The ending of the Winter finale was incredibly cliched — like a bad romantic comedy — with Jackson standing up and confessing his love for April during her wedding to Matthew. So, naturally, one wouldn’t expect the series to actually have her run away with the man who interrupted the wedding. It’s too obvious. I thought April was going to pick no one. It’s trite, but it would have been a way for the writers to prolong the drama — which they love to do. So, color me surprised when April ran away with Jackson. Frankly, April/Jackson were manipulated into becoming the new Mark/Lexie after it was officially decided that Leigh would not be returning. Happened at the same time — end of season eight. And Mark/Lexie themselves were designed to be the new Meredith/Derek when Pompeo and Dempsey (and the fans) demanded that their characters be together for good, starting in Season Five — when Mark and Lexie first hooked up. Shonda needs an on-again, off-again couple. It’s that simple. And, while seeing them together does nothing for me, but I’m relieved that the back-and-forth is over. We knew they were going to get together. (Thanks for ending my misery, writers.) Now, the structure of making us think that April changed her mind after going with Jackson was okay — it made the reveal that they are in fact together into a nice big moment for the fans who do care. HOWEVER, the pair’s flashback impromptu decision to get married completely wrecked the story for me. I don’t care if they’re each other’s ‘one true loves’, the fact that April can begin one day intending to marry one man and end the day marrying another makes her character look flightier than she already comes across. And Jackson simply has whatever personality the writers want him to have. He’s a vessel for this storyline — and an empty one at that. So, in the end, it didn’t work for me. The writers went one step too far, bringing us back into the realm of the last episode’s cliffhanger: bad romantic comedy. (Where’s the O’Malley bus when we need it?)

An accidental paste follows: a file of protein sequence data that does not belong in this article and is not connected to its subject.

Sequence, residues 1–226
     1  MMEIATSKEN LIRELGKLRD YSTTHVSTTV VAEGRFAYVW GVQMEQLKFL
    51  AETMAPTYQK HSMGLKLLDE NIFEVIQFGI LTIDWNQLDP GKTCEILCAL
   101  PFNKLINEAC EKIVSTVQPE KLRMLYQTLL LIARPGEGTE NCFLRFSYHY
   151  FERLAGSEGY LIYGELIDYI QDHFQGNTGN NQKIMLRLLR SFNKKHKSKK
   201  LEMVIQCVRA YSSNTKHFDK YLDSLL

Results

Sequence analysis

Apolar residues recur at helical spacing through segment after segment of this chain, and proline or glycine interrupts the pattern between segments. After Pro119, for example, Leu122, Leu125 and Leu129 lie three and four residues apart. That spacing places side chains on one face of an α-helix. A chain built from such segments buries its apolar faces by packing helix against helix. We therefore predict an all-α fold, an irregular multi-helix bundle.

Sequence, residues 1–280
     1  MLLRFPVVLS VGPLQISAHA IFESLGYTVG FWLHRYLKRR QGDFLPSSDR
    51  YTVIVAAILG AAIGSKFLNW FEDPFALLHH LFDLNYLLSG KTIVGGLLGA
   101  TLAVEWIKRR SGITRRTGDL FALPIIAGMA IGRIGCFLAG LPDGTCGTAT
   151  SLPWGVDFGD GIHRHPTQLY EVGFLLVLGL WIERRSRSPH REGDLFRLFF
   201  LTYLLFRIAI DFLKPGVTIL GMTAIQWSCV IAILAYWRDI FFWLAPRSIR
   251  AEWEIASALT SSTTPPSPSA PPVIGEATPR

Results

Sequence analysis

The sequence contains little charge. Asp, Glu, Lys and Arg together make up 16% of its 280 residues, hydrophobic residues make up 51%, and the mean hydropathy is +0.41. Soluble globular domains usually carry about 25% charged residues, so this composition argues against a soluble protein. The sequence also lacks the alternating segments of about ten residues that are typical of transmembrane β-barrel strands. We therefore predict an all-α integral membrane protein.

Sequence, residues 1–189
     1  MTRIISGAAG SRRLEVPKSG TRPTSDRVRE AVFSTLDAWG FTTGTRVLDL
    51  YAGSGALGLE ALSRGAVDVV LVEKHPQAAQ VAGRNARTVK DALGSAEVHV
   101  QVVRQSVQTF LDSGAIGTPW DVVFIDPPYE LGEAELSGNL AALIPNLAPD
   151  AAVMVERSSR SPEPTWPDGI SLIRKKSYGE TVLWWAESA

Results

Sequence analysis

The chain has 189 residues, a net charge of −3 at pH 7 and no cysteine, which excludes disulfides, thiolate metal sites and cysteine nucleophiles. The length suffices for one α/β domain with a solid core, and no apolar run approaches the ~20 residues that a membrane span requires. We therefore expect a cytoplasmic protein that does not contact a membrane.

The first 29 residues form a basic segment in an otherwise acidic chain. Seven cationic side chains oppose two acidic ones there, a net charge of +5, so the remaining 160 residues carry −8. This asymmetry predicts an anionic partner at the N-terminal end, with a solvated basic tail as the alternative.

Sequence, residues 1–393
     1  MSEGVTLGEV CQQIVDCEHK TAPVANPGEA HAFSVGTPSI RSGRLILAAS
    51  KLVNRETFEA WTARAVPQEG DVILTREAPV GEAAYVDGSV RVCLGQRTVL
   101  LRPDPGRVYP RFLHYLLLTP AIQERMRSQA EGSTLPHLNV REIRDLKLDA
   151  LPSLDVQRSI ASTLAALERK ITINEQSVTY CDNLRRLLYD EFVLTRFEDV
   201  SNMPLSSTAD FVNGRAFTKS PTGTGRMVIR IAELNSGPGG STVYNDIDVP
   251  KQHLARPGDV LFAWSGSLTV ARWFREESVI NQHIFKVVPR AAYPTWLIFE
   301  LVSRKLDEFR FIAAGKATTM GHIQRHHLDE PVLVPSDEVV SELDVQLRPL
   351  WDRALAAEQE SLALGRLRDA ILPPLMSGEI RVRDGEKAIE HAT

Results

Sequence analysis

Derek’s White House storyline is clearly the writers’ way of giving Dempsey time off for racing during the latter half of the season. That’s it. The few scenes Meredith and Derek had were only mildly effective, and the whole fake out with the woman to whom Derek was sending money was unnecessary. (It’s a joke that these actors get paid as much as they do. They should be worked harder than anyone else in the cast.) Pompeo played the scenes annoyed, and that’s exactly how she came across. With Derek presumably on reduced screen time, I’d love her to get a storyline independent of him that, unlike the fight with Cristina, is well written and fitting for the character.
Callie and Arizona are happy and together again. They still have things they need to work out, and I think having them apart for longer would be more effective. I still feel that Arizona hasn’t excepted enough responsibility, and any growth that has occurred in her character must have happened off screen, because I haven’t really seen it.
Jerrika Hinton, who plays Stephanie, is the best actor of all the interns. But I’m not as invested in her character as I need to be. The same goes for Leah. There’s a certain enjoyable soapiness of Leah convincing Stephanie to go to the board with a sexual harassment suit, but it’s difficult to take the story seriously. They’re scorned women, we get it. So now one of them is going to become the villain and the cause of a recycled storyline (see: Season Four’s “The Becoming”) that will be played interchangeably for laughs and cheap drama, before petering out when the writer’s exhaust it. And we’ll all be wondering, like with the ‘buying the hospital’ drama from last season, what was the point? Just keep it moving, writers. You’re not making the interns more likable.
This series is going to lose its MVP in May when Sandra Oh leaves. So far, her farewell season has been less than stellar. Truthfully, I’m not confident than the writers will turn things around in the second half of the year, but, ever the optimist, I’m willing to pretend that I think it’s possible. So, keep watching, and come back in May for my collective thoughts on 10B.
Come back next Wednesday for another Wildcard post! And tune in tomorrow for more Xena!